• Jenn

    What an ableist mess.

  • Matt

    So people who are very interested in and good at detecting other minds, persons and intentions and who tend to see the world as a social narrative played out between minds and persons will be drawn to a worldview that sees minds, persons and intent behind nature – which is what religion is, more or less. So people with more social cognitive ability* will be more drawn to religion, all things being equal.

    Now, of course, it’s not the case that all things have to be equal, necessarily. We can imagine a world in which, despite having less “mind” in nature, atheistic philosophies still have as much draw to people who are mind-sensitive through having more focus on actual existing human minds.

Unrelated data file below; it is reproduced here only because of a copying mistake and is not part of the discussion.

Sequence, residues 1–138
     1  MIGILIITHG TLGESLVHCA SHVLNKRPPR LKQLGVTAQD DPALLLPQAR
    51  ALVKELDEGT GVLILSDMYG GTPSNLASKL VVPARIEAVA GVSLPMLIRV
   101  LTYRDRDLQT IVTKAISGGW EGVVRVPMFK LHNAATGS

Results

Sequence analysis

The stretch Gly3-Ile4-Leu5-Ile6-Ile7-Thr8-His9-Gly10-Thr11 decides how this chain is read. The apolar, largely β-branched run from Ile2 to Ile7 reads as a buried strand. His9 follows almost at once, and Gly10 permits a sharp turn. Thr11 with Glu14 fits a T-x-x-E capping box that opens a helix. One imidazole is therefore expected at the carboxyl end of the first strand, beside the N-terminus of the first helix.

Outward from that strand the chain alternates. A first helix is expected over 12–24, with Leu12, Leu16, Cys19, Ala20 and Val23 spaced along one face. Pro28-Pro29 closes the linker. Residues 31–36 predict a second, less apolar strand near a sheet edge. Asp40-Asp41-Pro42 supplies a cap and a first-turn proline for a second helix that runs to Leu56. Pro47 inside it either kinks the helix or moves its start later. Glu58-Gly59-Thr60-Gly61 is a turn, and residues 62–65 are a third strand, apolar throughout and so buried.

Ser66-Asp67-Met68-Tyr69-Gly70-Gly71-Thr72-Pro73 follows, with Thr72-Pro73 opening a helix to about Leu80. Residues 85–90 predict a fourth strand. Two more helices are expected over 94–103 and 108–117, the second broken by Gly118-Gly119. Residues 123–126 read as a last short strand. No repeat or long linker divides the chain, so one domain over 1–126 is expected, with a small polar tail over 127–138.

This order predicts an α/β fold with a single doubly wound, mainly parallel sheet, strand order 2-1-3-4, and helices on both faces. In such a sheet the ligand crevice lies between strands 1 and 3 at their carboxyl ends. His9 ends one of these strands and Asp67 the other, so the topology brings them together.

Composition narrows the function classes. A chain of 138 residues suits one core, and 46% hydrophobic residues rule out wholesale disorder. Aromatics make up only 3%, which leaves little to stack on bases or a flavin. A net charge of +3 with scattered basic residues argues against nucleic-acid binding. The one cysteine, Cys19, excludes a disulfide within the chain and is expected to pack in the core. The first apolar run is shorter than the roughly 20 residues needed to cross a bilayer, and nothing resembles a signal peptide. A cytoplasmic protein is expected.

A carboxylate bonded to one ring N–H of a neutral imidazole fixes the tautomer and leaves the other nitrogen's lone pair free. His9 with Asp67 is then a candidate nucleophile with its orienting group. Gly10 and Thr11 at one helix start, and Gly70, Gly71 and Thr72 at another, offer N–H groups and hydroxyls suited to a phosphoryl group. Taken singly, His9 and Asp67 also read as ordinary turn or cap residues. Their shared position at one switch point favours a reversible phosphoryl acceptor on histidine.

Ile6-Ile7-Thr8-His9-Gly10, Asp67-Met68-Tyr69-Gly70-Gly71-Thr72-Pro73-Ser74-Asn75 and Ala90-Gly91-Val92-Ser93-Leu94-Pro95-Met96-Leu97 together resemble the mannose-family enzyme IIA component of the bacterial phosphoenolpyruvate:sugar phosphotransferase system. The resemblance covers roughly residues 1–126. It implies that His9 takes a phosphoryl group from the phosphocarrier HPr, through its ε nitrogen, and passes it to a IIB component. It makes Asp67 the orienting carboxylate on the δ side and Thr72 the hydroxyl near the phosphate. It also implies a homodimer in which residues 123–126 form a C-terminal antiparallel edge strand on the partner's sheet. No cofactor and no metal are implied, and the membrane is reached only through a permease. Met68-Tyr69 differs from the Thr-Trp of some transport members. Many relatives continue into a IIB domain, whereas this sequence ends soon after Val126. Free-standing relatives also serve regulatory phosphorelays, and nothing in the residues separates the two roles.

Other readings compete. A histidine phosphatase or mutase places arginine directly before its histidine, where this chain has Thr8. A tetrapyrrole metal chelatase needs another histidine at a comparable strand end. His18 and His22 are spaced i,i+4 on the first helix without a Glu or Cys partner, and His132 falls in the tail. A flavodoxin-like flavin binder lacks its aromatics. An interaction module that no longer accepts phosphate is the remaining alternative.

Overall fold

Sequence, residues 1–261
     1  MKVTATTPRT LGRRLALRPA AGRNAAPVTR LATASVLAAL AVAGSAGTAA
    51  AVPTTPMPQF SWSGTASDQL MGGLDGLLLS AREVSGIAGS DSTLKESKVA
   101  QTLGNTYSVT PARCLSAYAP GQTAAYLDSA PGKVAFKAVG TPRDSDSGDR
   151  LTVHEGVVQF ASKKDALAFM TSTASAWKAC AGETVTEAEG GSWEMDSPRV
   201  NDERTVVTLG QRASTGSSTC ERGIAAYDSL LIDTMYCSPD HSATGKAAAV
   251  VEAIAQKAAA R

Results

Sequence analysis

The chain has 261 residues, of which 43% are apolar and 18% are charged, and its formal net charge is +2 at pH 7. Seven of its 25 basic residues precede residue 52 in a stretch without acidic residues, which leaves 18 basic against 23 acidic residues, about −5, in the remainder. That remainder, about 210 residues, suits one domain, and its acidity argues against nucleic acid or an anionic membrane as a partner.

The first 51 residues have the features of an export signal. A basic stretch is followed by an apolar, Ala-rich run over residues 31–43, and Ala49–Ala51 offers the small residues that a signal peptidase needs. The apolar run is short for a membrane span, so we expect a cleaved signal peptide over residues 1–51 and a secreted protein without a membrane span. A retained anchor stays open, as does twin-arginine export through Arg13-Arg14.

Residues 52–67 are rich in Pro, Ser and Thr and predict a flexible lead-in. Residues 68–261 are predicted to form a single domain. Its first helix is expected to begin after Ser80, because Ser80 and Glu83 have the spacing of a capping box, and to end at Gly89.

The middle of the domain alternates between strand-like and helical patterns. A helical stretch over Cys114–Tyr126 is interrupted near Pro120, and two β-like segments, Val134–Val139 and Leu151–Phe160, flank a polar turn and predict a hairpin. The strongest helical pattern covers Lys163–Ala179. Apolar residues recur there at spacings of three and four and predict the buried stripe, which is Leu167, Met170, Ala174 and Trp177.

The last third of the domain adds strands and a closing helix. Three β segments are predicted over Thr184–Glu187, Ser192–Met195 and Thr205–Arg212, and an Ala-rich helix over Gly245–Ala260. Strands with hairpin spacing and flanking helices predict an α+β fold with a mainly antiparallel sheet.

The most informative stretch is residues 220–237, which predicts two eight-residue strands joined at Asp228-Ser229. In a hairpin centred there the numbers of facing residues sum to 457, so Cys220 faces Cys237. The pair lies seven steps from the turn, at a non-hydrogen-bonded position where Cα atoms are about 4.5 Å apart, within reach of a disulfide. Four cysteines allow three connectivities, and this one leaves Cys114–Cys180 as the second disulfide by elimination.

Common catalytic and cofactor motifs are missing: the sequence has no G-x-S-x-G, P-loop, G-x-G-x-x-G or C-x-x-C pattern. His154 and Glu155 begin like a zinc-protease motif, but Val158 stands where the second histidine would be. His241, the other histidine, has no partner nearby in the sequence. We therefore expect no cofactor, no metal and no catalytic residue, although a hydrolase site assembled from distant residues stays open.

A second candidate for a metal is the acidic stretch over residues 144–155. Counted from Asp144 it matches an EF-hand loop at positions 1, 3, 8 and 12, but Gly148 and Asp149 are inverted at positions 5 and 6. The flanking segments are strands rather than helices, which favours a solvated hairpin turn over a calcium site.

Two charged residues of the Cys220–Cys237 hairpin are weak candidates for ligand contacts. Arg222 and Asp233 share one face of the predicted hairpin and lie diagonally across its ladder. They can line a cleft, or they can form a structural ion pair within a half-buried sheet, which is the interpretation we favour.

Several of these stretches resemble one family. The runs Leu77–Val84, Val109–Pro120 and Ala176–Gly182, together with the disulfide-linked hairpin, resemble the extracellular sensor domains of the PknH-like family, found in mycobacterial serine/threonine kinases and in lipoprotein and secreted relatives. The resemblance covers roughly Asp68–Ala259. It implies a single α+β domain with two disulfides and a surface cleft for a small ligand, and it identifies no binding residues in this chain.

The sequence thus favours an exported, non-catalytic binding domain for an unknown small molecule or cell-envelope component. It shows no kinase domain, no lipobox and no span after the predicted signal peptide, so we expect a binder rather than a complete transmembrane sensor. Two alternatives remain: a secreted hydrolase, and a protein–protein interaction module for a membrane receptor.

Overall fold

However that doesn’t seem like it’s the way that things actually shake out in present day Western societies at least, and I’d guess situations where religions end up being significantly less human mind-sensitive relative to secular philosophies (rather than equal or greater) are relatively improbable.

    * It would be interesting to compare in affective empathy levels in atheists and agnostics, to see if there is a sociopath-spectrum relative affective empathy deficit or “just” an autsim-spectrum relative cognitive empathy deficit.

    The suggestion that some forms of fundamentalism may also have positive autism spectrum correlations due to the way they attempt to systematize religious law, perhaps at the expense of focus on minds and intentions of supernatural entities relative to the mainstream, is an interesting idea.